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  • Correlation between the Thoracolumbar Injury Classification and Severity Score (TLICS) and Delayed Surgery for Acute Thoracolumbar Compression and Burst Fractures in Patients without Neurologic Injury

    Final Number:

    Christopher Michael Bonfield MD; Matthew B. Maserati MD; David O. Okonkwo MD PhD; Adam S. Kanter MD

    Study Design:

    Subject Category:

    Meeting: Congress of Neurological Surgeons 2012 Annual Meeting

    Introduction: The most common injury patterns in thoracolumbar spine trauma are compression and burst fractures, most without neurologic deficit. TLICS was created to aid in treatment decision making.

    Methods: Delayed operation rate for increasing pain or kyphosis was analyzed in a large group (N=142, from a prospective registry between 2006 and 2010), suffering acute thoracolumbar compression or burst fracture without neurologic injury. Attention was paid to TLICS classification, injury level, and time to delayed surgery.

    Results: Thirty-five patients were TLICS1, all initially treated non-operatively. Two (5.7%) required delayed operations. Fifty-five were TLICS2, 72.7% initially treated conservatively. Four (10%) required delayed surgery. No patients were TLICS3. Thirty-seven were TLICS4, 12 (32.4%) initially treated conservatively. Three (25%) required delayed surgery. TLICS5 had 15 patients, one (6.7%) treated conservatively. None required delayed surgery. The most common level injured in patients who required delayed surgery was L1 (5 patients). Other levels involved included T11, T12, L2, and T8. One-third had consecutive injured levels. Delayed surgery was performed at an average of 6 months after the injury (range 1-18 months). Eight (88.9%) had surgery within 9 months, and 5 (55.6%) within 4 months.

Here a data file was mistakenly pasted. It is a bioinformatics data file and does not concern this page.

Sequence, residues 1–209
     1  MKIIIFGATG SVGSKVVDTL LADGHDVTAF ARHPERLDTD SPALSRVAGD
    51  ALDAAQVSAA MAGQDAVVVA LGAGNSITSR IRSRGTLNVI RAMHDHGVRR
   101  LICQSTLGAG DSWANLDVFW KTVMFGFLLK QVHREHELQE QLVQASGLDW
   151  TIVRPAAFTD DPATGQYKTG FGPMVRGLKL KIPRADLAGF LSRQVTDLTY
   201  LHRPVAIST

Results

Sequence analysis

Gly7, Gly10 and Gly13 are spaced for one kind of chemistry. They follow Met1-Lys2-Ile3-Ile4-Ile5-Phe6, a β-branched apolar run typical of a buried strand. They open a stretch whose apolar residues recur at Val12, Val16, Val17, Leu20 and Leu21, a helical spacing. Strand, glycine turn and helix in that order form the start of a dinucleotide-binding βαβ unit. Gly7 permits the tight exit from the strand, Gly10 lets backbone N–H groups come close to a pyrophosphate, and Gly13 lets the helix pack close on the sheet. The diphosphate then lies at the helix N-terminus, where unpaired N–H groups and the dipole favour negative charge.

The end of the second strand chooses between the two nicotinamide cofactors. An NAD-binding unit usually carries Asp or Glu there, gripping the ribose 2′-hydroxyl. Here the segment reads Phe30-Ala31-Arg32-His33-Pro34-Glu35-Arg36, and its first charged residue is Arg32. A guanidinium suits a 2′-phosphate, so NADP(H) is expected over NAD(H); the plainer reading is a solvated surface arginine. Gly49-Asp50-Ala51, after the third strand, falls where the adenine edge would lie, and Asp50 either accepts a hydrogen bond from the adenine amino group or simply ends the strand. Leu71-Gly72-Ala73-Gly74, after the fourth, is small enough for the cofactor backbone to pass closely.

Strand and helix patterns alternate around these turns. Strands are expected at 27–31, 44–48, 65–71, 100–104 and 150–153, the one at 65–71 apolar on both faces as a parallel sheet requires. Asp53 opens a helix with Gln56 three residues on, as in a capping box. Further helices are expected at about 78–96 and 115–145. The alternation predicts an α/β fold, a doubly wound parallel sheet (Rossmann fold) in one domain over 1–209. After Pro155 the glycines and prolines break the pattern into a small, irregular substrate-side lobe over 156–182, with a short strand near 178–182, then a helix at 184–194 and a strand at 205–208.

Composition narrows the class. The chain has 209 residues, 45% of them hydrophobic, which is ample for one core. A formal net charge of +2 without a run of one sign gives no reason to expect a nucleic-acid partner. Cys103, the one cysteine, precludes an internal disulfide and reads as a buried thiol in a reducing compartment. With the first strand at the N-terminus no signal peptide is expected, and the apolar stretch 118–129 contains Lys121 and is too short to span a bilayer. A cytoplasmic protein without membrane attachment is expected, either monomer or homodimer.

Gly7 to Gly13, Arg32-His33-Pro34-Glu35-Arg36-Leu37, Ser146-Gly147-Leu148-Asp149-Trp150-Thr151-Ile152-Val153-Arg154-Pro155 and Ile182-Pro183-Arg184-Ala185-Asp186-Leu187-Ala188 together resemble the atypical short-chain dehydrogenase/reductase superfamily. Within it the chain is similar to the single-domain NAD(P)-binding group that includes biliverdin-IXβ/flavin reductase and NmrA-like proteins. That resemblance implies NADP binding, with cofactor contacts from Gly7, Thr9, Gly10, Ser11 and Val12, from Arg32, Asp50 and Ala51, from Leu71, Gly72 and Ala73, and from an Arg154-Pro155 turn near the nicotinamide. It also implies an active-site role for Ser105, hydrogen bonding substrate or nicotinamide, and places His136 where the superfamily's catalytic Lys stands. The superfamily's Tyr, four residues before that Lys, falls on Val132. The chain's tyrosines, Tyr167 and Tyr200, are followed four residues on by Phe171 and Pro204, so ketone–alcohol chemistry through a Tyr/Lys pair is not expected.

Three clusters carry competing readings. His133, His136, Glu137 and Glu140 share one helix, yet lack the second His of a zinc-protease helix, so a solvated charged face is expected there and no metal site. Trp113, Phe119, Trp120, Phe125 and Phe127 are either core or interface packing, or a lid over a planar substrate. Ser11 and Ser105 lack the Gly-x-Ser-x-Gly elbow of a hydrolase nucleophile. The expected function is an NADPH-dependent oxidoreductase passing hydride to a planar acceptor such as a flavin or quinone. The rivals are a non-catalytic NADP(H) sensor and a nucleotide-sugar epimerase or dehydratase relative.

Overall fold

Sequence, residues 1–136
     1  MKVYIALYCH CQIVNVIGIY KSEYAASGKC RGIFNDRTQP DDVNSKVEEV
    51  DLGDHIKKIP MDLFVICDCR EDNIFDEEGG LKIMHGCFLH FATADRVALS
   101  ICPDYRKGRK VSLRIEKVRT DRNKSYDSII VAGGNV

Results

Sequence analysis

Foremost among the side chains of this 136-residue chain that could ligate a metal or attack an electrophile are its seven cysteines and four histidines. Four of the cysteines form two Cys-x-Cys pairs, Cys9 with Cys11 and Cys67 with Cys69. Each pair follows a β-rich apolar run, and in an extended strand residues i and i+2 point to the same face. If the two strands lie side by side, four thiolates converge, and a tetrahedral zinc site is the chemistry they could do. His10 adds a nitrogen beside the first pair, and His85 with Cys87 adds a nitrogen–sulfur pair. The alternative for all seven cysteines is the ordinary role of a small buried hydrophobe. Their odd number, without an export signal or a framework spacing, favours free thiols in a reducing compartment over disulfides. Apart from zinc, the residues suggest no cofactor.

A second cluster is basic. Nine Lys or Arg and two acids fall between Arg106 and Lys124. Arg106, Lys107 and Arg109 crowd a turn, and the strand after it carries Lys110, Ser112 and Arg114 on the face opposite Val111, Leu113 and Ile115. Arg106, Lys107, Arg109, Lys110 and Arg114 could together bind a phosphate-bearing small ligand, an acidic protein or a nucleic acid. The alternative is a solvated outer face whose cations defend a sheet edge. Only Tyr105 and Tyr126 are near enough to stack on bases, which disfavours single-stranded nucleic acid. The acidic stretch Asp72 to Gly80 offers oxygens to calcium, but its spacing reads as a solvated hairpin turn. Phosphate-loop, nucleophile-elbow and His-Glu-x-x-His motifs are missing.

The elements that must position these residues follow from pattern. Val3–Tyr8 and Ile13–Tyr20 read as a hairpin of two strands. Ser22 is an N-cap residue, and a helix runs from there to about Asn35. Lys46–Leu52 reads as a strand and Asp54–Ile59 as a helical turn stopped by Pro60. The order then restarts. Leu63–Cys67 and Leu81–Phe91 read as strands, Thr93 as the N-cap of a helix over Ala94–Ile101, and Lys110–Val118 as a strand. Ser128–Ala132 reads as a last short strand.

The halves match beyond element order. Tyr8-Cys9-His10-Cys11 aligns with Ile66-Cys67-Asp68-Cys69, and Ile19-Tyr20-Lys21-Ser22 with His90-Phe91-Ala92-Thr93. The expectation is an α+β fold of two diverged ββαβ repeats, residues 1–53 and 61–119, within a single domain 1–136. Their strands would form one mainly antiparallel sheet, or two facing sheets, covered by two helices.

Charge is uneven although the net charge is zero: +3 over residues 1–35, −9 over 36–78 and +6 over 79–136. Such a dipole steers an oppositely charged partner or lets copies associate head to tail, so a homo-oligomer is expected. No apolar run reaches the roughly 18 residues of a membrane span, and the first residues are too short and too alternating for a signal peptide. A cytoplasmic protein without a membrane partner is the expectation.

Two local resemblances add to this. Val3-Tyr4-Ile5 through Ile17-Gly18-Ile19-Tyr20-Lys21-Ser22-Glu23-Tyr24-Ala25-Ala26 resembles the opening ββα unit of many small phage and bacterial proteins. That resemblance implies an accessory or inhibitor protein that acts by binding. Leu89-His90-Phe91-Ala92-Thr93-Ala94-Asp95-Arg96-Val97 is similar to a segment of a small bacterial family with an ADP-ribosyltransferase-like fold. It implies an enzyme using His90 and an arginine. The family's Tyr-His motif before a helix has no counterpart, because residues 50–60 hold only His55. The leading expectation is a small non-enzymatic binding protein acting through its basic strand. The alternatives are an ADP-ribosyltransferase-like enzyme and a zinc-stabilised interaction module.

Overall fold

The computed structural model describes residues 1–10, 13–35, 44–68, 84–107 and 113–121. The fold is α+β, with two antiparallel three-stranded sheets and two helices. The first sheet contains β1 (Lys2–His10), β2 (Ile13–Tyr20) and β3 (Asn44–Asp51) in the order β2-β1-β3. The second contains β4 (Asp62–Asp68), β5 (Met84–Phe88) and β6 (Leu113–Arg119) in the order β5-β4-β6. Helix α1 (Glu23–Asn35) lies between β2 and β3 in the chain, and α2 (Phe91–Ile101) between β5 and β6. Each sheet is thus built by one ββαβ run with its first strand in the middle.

Conclusions: Delayed operation rate is much higher in TLICS4 compared to TLICS1 or TLICS2. This trend towards, without reaching, significance is due to the small number of TLICS4 patients that were initially treated conservatively. Injury at the thoracolumbar junction carries the highest risk of the need for delayed operation. The rate of surgery is greatest within nine months of injury. This analysis supports the recommendation of initial conservative management of TLICS1 and 2, but suggests stronger consideration be given to surgical management of TLICS4 acute thoracolumbar compression or burst fractures in neurologically intact patients.

    Patient Care: This research adds further data and guidance in the decision making of how to treat acute compression and burst fractures in the thoracolumbar spine.

    Learning Objectives: By the conclusion of this session participants should be able to: 1) Classify neurologically intact patients with acute compression and burst fractures into TLICS categories, 2) Have further understanding which of these patients warrant strong initial surgical consideration, and 3) Identify which patients are at greatest risk for needing delayed surgery after initially conservative management of the fracture.

    References: Lee JY et al. Thoracolumbar injury classification and severity score: a new paradigm for the treatment of thoracolumbar spine trauma. J Orthop Sci. 2005 Nov;10(6):671-5.

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